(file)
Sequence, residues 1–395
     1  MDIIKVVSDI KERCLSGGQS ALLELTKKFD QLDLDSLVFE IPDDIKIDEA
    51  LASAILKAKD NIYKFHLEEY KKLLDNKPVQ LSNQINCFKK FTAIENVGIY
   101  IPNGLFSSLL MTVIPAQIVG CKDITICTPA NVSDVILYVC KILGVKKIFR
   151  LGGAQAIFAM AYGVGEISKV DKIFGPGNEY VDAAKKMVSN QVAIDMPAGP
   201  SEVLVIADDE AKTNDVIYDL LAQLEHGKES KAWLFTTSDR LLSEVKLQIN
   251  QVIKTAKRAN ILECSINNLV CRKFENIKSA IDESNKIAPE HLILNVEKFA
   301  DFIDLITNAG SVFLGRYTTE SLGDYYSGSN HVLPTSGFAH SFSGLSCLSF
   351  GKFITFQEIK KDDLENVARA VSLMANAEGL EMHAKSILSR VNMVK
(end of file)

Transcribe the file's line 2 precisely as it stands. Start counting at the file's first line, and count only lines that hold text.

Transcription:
     1  MDIIKVVSDI KERCLSGGQS ALLELTKKFD QLDLDSLVFE IPDDIKIDEA